Just like any other African state, Uganda is no exception as far as crime rate is concerned. However much there are a few crimes that take place in Uganda, the country is generally safe to visit.
There is a huge disparity between the haves and have-nots in Uganda. The former regime government’s exploitative economic policies led to widespread poverty, which bred crime, and the cohabitation of the rich and destitute has led to an informal redistribution of wealth through robbery. While no plan is foolproof, there are common-sense tactics to reduce your likelihood of being targeted.
Avoid wearing flashy jewelry, keep your camera packed away until you want to use it, and opt for a place to stay with 24-hour security guards. ATMs in Uganda are a hot spot for robberies, so when you need to withdraw money, look for an ATM in a busy city center or mall. If possible, withdraw money during the day. Never accept help from anyone when withdrawing and immediately put the money in your wallet.
While other African countries are famous for carjacking, the incidence of this kind of crime is totally not heard of in Uganda. Most tourists to the bustling city will find the traffic very manageable and the roads very normal and easy to drive at thus end up considering rent a car.
Outside of Kampala, the biggest threat on the road is reckless, aggressive drivers. If you rent a car in Uganda, know the rules of the road. Uganda drives on the left side and measure speed in kilometers per hour. Be wary of minibus taxis that are often driven by unlicensed drivers. Their rates are fixed, so drivers try to maximize profits by getting from point A to point B as quickly as possible. Many do not heed speed limits or traffic signs.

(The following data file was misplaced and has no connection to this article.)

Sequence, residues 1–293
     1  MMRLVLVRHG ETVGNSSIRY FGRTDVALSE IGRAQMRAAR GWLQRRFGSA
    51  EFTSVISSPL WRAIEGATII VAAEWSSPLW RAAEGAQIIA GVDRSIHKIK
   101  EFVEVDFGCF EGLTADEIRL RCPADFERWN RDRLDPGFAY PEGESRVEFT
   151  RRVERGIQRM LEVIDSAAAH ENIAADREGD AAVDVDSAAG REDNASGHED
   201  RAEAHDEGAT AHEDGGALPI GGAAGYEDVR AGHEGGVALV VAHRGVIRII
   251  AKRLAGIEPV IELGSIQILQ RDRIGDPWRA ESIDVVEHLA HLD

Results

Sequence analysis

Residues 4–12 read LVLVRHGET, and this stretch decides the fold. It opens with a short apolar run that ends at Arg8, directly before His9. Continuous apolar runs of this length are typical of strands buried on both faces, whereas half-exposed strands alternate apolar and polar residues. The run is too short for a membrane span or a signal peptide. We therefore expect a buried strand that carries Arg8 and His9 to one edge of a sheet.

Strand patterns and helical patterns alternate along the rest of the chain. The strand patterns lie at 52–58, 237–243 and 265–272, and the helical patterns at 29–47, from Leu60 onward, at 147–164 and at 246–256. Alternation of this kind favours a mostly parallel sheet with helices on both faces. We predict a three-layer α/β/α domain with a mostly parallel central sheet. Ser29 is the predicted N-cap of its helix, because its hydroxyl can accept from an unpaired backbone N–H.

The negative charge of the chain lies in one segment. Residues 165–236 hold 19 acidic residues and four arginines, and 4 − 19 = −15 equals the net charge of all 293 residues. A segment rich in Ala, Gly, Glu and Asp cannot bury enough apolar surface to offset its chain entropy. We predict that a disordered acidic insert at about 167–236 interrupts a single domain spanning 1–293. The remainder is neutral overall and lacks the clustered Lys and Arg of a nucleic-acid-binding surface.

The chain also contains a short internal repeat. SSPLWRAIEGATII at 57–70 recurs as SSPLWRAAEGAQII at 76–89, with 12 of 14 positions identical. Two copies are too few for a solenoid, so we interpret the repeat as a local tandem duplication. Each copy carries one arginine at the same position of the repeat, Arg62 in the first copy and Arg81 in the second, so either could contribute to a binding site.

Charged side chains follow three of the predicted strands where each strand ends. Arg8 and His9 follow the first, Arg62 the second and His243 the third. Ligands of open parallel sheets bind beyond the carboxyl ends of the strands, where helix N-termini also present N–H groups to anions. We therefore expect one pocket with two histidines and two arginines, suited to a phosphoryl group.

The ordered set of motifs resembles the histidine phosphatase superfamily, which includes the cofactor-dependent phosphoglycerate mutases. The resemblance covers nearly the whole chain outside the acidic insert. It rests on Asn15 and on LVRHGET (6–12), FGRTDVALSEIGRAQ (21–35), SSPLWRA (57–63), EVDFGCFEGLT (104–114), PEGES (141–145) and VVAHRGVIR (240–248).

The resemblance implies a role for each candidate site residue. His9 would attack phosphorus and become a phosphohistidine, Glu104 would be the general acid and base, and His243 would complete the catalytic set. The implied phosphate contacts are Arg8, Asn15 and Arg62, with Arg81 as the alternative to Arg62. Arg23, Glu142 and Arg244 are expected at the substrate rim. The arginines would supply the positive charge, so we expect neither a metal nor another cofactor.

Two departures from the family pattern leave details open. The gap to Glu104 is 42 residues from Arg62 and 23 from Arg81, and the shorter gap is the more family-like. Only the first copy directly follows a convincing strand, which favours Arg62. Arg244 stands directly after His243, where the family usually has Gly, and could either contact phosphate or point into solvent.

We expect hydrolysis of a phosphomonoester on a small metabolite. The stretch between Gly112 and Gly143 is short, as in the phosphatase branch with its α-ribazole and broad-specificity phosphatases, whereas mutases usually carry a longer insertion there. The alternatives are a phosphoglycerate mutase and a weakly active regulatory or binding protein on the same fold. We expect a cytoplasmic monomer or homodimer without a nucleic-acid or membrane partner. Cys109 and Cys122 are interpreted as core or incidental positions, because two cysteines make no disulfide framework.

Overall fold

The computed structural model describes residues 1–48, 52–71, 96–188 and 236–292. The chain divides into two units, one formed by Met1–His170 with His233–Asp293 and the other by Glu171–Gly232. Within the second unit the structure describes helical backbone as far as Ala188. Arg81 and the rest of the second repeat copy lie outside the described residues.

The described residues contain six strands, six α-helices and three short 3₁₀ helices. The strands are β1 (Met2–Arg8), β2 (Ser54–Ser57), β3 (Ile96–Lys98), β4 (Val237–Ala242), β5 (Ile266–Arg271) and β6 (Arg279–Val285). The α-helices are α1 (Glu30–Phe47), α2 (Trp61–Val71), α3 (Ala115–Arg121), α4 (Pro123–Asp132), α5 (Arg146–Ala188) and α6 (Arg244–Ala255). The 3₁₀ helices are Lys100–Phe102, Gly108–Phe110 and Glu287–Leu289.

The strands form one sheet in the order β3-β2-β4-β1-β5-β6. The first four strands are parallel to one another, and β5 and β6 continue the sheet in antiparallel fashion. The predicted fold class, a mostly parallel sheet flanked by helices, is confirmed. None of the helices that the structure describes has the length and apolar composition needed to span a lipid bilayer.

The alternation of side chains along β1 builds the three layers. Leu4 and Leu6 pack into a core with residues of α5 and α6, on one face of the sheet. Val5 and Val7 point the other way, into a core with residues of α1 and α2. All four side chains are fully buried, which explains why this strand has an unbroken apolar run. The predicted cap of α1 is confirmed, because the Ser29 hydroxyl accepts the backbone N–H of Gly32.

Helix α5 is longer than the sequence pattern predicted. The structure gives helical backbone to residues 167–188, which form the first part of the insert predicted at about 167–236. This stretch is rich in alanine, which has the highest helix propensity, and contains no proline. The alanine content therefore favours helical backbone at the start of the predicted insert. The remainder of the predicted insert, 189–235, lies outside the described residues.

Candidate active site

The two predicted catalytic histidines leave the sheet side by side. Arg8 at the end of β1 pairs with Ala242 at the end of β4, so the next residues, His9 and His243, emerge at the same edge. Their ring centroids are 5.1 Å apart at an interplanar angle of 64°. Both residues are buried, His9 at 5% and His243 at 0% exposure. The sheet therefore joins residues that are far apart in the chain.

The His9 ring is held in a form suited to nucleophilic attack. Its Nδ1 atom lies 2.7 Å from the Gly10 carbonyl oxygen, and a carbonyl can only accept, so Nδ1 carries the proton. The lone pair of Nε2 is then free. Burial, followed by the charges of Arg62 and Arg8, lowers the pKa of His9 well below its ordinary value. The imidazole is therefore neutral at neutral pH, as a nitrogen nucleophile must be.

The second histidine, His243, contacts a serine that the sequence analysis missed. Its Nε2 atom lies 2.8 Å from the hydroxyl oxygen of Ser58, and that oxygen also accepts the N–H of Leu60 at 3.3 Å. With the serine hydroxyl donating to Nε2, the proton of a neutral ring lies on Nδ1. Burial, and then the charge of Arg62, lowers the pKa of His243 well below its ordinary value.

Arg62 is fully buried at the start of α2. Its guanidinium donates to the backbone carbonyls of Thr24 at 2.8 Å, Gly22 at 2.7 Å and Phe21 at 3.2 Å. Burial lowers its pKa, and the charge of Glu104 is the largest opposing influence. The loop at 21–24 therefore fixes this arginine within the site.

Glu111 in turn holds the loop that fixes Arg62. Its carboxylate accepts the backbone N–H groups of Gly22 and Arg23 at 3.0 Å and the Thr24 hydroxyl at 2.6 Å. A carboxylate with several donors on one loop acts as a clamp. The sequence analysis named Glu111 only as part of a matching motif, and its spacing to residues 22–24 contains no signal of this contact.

Safety of Women
Uganda is not very prone to rape and women assault and so neither a tourist are targeted, and the vast majority of violence toward women occurs in the townships. Still, women visitors to Uganda shouldn’t worry at all Ugandans are totally hospitable and civilized. Ugandans living outside the cities tend to be conservative, both in mindset and dress. Outside of urban areas, women should cover up to avoid unwanted stares. Many Uganda women travel alone on minibuses, trains and in their own vehicles, but visitors–both men and women–are wise to travel in groups.
While mosquitoes will bite during the sticky summer months, most of Uganda is malaria-free. If you are planning a trip to Murchison falls National Park or other wild areas in the northern part of the country, malaria pills are a good idea. If you decide against the pills, bring repellent and cover your ankles and wrists. The only other health risk is HIV, with more than a quarter of Uganda infected. If you plan to engage in sexual activity, bring protection.
Private hospitals in the urban centers of Uganda offer first-world medical care. If you are visiting remote areas, it’s wise to purchase travel insurance, which generally covers the cost of a helicopter ride if you need to be flown to a city for treatment. Adrenaline junkies beware: Many travel insurance plans do not cover adventure sports like mountain biking, water rafting, bungee jumping or even hiking. If you forgo travel insurance, check with your home insurance provider to see if any hospitals in Uganda are covered. Keep their names and phone numbers with you when you travel so you can direct ambulances.